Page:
Job Accommodation Network Releases Publication on Monitoring Reasonable Accommodations
The Job Accommodation Network (JAN) has published a new document in its Accommodation & Compliance Series: Monitoring Reasonable Accommodations. Employers frequently disregard the importance of monitoring reasonable accommodations after they have been implemented to ensure that they continue to be effective. Accommodations can stop being effective for various reasons, such as: the employee’s limitations change, workplace equipment changes, the job changes, the workplace itself changes, or the accommodation becomes an undue hardship for the employer to continue to provide. This publication offers JAN’s tips for employers to follow and provides a sample form for monitoring accommodations
Registered Nurses With Disabilities: Legal Rights and Responsibilities
Leslie Neal-Boylan, PhD, APRN, CRRN, FAAN
& Michelle D. Miller, JD, MPH, RN
Purpose: The purpose of this legal case review and analysis was to determine what kinds of cases involving nurses with disabilities are typically brought to attorneys, which cases tend to be successful, and how and when a nurse with a disability should pursue legal action.
The review u sed the standard legal case analysis method to analyze legal cases that have been brought by registered nurses (RNs) with physical or sensory disabilities from 1995 to 2013. The cases span the period following the enactment of the Americans With Disabilities Act (ADA) of 1990 through the ADA Amendments Act (ADAAA) of 2008.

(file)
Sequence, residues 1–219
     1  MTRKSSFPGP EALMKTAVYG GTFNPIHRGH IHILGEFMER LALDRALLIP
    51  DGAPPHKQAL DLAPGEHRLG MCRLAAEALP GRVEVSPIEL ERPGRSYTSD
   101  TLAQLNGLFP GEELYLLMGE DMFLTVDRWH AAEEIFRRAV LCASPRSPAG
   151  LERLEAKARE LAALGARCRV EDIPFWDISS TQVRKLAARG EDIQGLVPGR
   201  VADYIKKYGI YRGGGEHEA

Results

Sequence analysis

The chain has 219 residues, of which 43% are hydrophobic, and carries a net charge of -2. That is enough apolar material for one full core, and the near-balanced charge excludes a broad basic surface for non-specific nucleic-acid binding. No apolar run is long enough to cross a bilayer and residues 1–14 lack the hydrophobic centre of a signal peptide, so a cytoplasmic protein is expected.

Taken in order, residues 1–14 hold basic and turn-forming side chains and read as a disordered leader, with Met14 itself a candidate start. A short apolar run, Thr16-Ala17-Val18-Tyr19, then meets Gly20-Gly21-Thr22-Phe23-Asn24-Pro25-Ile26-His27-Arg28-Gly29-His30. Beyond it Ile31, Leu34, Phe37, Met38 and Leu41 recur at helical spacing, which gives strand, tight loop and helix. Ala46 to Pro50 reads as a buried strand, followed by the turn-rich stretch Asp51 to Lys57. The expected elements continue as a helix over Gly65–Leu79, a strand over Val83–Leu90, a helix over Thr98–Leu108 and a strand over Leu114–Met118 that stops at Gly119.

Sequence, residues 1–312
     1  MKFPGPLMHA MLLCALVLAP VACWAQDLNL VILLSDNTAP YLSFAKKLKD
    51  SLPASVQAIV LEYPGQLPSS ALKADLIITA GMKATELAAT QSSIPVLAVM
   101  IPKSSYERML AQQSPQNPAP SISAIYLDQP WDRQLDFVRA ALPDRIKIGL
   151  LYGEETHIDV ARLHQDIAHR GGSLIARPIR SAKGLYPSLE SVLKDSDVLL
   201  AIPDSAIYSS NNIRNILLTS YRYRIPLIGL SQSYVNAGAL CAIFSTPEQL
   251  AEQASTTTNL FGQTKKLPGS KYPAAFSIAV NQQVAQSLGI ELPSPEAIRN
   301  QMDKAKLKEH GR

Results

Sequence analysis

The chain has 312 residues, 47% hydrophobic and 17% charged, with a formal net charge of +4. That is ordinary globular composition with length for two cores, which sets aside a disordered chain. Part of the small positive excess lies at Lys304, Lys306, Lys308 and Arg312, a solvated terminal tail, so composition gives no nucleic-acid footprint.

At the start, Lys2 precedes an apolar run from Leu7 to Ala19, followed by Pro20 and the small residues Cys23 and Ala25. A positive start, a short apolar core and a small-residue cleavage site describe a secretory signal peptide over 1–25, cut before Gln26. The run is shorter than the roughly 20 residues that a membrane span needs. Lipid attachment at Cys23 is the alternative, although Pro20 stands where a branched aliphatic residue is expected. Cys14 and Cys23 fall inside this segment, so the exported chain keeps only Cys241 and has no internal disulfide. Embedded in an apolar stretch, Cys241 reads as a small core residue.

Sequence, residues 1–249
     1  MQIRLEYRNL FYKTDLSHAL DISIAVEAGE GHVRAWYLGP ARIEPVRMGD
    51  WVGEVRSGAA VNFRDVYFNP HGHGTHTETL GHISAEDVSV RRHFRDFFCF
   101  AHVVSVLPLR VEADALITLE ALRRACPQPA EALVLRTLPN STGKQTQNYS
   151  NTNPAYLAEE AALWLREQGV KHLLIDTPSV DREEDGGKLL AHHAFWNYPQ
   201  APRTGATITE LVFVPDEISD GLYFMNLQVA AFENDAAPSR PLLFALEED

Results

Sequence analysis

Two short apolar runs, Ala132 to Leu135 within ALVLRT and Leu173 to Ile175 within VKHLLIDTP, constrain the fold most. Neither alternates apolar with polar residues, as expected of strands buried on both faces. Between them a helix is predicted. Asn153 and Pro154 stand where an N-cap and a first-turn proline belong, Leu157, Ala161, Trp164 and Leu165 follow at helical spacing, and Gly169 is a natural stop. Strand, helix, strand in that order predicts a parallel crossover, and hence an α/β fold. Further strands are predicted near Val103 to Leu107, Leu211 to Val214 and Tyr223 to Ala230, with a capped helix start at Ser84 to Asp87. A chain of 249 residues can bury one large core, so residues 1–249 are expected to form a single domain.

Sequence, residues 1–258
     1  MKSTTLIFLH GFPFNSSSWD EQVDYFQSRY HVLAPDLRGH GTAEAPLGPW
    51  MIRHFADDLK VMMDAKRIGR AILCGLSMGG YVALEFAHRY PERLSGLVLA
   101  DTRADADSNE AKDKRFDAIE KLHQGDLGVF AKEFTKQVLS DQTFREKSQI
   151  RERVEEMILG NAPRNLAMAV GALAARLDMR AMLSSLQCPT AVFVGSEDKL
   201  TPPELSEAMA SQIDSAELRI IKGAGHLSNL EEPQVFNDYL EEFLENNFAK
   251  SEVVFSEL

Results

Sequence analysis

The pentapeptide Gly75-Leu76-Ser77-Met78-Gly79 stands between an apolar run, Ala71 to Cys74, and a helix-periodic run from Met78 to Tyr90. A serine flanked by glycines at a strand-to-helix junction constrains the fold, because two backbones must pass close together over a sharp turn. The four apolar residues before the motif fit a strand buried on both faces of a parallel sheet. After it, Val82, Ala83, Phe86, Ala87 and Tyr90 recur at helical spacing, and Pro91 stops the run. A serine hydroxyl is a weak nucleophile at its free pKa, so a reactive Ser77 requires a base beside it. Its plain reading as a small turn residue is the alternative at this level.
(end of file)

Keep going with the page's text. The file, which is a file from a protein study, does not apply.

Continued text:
A nurse attorney reviewed the background material to find every case involving an RN with a disability, excluding those with mental health disabilities or substance abuse issues. Case analysis was conducted using standard legal case analysis procedures. Fifty-six cases were analyzed.
The cases were categorized into five types of legal claims: (a) disability discrimination (84%); (b) failure to accommodate (46%); (c) retaliation (12.5%); (d) association (3.6%); and (e) hostile work environment (7%). The cases were largely unsuccessful, particularly those brought under the ADA instead of the ADAAA.
The case analysis revealed that several cases brought by RNs with disabilities using the ADA might have been successful under the ADAAA. In addition, the case analysis has provided vital information for administrators, leaders, and clinical nurses regarding when a case is appropriate for legal action. These findings from this review will help nurses recognize when they are being treated in a discriminatory way in the workplace, what their legal rights and responsibilities are, and at what point they should pursue legal action.
This review has relevance to all RNs working in clinical and academic settings who may have a congenital or acquired physical or sensory disability.
Angel Medical Center to Pay $85,000 to Settle EEOC Disability Discrimination Suit
The U.S. Equal Employment Opportunity Commission (EEOC) has settled a disability discrimination lawsuit with Angel Medical Center, Inc. of Franklin, NC. The hospital was charged with violating the Americans with Disabilities Act (ADA) by denying an employee an accommodation that would have allowed her to get cancer treatments while working full time. The hospital allegedly refused the accommodation request and then fired the nurse.
To learn more about the ADA and other laws that protect the rights of people with disabilities read “Disability.gov’s Guide to Disability Rights Laws.”
Meeting the Demands of an Expanding Health Care Workforce
If you’ve ever seen the “Because” public service announcement from the Office of Disability Employment Policy, you’ve seen Kayla Woolridge swim. While filming the PSA, Kayla, who has spina bifida and uses a wheelchair, got to chatting with my staff about her career goals. Although still a few years out from college, Kayla has been thinking about becoming a neonatal intensive care unit nurse. When I heard this, I thought how great it would be if she does indeed pursue that path — because the nursing industry is going to need her.